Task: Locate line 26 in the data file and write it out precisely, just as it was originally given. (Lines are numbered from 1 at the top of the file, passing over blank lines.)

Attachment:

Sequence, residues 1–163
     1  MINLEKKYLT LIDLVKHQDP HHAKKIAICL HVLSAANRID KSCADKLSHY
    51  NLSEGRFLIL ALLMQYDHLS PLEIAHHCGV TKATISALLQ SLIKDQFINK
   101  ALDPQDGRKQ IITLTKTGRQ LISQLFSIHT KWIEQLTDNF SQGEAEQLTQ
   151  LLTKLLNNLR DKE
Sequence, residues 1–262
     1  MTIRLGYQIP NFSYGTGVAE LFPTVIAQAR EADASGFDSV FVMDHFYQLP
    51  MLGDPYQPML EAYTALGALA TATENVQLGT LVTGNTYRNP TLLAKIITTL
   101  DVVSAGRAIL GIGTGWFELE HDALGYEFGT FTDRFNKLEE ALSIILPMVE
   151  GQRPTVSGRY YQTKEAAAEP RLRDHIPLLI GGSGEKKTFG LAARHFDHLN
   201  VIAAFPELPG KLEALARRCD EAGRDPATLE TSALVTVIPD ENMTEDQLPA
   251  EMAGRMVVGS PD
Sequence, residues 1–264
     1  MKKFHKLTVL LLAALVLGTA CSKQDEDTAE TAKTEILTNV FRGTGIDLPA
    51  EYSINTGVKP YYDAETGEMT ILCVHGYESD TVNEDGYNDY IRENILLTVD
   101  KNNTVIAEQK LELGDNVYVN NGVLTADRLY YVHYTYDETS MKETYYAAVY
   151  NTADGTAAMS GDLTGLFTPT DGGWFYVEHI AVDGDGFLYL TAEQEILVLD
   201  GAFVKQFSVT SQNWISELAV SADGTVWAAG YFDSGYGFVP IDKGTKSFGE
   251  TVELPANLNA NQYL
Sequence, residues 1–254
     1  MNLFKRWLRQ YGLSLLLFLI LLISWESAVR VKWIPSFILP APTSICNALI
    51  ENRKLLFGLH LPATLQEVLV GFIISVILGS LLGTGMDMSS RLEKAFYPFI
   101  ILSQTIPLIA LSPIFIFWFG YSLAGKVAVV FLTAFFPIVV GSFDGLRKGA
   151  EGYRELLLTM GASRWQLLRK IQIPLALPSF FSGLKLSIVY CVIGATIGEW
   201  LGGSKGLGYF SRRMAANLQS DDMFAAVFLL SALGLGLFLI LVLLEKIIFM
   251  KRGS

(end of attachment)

   251  KRGS